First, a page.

It was expected to be a year full of transitions in the Big 12, with the NBA draft claiming a bunch of the league’s best talents. Then Marcus Smart shocked just about everyone and turned down a likely top-five slot in the NBA draft to return to Oklahoma State. Then the Cowboys were touted as maybe, possibly, finally the team that could knock Kansas off its annual perch, with the Jayhawks building around a very young (albeit talented) core. Then Andrew Wiggins surprised many recruiting analysts by choosing Kansas over Kentucky, Florida State and North Carolina. Suddenly, the Jayhawks were once again considered the league favorite. The two KU-OSU games will be epic, and the two teams should be significant threats to keep playing deep into March. The rest of the conference will be playing catchup, and it’s not a bad year to be rebuilding, as you’re not going to win the conference, but there are wins to be had elsewhere outside the top two or three.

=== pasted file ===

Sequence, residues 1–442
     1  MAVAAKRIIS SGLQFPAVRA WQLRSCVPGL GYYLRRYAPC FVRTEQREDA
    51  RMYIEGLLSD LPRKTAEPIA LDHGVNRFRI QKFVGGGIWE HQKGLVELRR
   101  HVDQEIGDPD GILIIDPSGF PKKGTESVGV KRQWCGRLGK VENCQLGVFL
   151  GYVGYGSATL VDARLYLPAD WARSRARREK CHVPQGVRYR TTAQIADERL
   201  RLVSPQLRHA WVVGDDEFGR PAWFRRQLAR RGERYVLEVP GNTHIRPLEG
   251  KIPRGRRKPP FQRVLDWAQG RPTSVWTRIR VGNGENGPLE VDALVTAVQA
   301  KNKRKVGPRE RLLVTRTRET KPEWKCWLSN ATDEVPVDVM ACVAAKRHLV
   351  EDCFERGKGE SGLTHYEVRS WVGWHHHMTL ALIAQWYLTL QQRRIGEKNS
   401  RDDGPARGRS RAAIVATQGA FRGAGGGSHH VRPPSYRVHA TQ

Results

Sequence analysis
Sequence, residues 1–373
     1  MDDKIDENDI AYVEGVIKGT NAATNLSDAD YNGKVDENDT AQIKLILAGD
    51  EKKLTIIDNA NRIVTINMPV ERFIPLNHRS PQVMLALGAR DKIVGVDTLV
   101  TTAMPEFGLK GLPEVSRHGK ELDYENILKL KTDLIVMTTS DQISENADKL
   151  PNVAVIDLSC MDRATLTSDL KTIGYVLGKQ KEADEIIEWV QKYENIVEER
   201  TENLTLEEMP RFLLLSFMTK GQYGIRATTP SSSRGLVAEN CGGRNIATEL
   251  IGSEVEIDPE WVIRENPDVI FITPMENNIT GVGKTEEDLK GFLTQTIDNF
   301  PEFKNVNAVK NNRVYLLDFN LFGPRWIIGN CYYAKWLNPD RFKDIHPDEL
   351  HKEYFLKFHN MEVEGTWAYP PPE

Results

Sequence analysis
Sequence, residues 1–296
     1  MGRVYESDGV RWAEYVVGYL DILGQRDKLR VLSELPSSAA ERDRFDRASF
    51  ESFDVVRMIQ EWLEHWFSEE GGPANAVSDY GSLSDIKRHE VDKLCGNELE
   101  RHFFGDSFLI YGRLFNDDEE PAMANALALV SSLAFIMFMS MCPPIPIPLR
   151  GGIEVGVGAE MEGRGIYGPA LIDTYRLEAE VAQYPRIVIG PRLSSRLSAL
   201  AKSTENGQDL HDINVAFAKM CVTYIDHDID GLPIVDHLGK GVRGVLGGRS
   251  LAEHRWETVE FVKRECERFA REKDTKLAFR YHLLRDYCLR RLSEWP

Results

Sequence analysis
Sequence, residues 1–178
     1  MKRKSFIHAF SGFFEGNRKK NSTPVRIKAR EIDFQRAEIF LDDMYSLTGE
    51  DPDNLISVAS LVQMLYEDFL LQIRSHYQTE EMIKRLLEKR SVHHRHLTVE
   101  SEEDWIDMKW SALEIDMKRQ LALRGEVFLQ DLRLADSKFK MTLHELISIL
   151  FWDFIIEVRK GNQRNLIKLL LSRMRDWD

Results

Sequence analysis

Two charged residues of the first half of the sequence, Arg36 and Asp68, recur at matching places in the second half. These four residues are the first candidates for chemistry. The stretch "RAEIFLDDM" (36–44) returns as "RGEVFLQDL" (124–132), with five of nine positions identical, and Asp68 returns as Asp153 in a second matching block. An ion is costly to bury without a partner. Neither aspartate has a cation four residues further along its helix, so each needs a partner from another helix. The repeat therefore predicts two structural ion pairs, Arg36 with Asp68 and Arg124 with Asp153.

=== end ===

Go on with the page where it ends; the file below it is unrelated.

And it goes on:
It has to be Wiggins making the call to be a Jayhawk. Smart is a dynamic college player, but he’s not a once-in-a-decade kind of prospect like the Canadian, who stands a very strong chance to be the second straight No. 1 overall pick from his country (after Anthony Bennett this season). His arrival in Lawrence changed pretty much everything about the league in terms of expectations. Kansas went from “they could be pretty good” to a likely top-five team in the preseason and a Final Four contender. Oklahoma State went from a lot of people’s favorite to maybe a more comfortable role as an underdog. The conference will stay enormously relevant now, with everyone wanting to get a look at KU, especially when it faces Oklahoma State and Baylor. With all due respect to what should be a great show in Stillwater, the megastar (at least in terms of his one college season ) is in Lawrence.